This makes it extremely difficult to define who is a journalist any more — and that in turn has legal ramifications not just for Greenwald but for everyone who wants to publish their thoughts freely. Some U.S. legislators want to follow the bad example of other countries and have the government decide who qualifies as a journalist, a prospect that should fill journalists of any stripe with fear. And even the admirable idea of a “shield law” for journalists becomes a sticky proposition, since that would require defining who is entitled to protection and who isn’t.A blurry line between citizen and journalist
In cases involving bloggers, some judges have wisely decided that neither the government nor the court should be in the position of having to decide who is protected by the First Amendment and thereby entitled to the “freedom of the press.” With the explosion of networked communication tools that we write about all the time at GigaOM, anyone is capable of becoming a journalist at any time — and theoretically that means anyone should have the protection of the First Amendment when they are doing this. As the U.S. Court of Appeals put it in 2011:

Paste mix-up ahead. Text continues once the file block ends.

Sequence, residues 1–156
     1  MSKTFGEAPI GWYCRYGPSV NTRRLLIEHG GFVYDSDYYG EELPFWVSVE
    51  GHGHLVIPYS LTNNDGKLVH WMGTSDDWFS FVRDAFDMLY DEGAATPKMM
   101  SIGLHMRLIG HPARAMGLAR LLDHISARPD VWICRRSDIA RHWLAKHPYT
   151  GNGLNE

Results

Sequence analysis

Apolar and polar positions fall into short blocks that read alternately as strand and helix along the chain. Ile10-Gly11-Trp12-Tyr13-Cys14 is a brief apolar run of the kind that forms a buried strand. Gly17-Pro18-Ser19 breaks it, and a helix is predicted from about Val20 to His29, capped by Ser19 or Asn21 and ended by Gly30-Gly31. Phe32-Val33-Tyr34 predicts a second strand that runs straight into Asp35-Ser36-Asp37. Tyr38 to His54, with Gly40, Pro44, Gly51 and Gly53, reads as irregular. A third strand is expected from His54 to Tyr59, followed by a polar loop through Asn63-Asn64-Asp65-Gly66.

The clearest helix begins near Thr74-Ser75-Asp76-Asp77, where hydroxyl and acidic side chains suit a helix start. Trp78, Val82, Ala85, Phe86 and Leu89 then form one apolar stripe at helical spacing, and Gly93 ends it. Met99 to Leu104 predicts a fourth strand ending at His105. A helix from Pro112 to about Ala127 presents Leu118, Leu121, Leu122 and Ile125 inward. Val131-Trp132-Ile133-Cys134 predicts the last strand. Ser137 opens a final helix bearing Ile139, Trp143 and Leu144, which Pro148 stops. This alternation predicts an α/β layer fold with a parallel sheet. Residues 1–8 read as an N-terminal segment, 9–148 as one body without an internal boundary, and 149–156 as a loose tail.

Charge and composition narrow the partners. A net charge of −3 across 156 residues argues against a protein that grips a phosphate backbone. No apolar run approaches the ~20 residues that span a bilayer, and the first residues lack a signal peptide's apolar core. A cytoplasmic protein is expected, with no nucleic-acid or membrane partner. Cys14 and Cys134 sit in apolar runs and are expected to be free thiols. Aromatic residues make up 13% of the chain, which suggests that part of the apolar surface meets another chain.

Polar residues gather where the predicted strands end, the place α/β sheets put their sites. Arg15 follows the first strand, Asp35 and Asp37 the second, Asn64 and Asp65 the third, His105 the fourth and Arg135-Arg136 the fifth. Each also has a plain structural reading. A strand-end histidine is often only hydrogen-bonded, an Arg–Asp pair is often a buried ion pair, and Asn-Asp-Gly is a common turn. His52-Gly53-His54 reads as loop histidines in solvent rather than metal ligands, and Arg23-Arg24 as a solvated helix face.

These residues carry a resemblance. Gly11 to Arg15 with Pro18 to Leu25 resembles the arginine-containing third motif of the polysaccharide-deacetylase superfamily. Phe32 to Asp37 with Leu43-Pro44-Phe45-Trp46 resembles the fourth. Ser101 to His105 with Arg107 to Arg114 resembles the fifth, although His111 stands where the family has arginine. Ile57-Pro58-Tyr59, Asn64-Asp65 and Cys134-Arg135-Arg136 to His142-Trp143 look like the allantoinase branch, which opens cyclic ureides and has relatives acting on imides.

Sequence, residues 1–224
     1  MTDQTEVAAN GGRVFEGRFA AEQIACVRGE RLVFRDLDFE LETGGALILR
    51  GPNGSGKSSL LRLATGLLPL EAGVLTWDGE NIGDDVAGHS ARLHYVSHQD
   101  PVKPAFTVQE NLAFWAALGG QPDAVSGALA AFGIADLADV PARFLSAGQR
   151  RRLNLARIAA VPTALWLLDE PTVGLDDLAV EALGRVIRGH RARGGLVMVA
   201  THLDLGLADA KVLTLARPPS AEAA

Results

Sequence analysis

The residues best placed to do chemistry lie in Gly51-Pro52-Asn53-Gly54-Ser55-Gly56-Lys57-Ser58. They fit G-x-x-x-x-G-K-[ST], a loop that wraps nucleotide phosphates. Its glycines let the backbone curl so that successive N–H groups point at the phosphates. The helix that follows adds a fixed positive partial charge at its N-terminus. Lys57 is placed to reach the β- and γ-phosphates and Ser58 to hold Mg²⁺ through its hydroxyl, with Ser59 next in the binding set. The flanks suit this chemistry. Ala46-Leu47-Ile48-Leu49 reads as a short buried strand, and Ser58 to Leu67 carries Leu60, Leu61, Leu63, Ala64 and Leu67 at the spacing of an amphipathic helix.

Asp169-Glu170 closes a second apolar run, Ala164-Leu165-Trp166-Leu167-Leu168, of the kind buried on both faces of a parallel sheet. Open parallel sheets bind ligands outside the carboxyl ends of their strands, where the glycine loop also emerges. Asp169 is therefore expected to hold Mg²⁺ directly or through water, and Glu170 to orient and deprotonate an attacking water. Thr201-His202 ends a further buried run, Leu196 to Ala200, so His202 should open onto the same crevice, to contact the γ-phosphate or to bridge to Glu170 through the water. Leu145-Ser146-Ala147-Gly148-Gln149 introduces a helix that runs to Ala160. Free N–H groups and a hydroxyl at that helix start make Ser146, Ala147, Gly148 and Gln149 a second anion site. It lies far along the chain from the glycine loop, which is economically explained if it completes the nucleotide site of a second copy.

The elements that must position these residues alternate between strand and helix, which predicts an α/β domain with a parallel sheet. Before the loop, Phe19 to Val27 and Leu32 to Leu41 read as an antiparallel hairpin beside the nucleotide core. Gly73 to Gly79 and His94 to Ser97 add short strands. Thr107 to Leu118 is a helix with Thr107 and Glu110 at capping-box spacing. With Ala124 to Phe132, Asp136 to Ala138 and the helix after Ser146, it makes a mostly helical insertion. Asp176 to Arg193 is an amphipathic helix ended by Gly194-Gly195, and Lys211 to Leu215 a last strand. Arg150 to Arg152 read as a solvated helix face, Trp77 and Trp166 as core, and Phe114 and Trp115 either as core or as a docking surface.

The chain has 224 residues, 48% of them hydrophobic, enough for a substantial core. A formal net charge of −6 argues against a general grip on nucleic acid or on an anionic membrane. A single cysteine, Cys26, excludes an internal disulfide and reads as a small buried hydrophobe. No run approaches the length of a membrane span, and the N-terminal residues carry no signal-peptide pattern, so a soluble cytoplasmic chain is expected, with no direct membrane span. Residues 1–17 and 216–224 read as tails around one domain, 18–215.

“Changes in technology and society have made the lines between private citizen and journalist exceedingly difficult to draw [and] news stories are now just as likely to be broken by a blogger at her computer as a reporter at a major newspaper. Such developments make clear why the news-gathering protections of the First Amendment cannot turn on professional credentials or status.”
And isn’t that what the framers of the Constitution would have wanted? At the time that document was written, the “press” consisted of pamphleteers more like I.F. Stone (i.e. bloggers) than the New York Times. That may make it difficult — or even impossible — to conclusively define who is a journalist and who isn’t, but in the end I think we wind up with a media sphere that is more open (and yes, a lot more chaotic), and in the long run that is likely to be a good thing.
Post and thumbnail images courtesy of Flickr user sskennel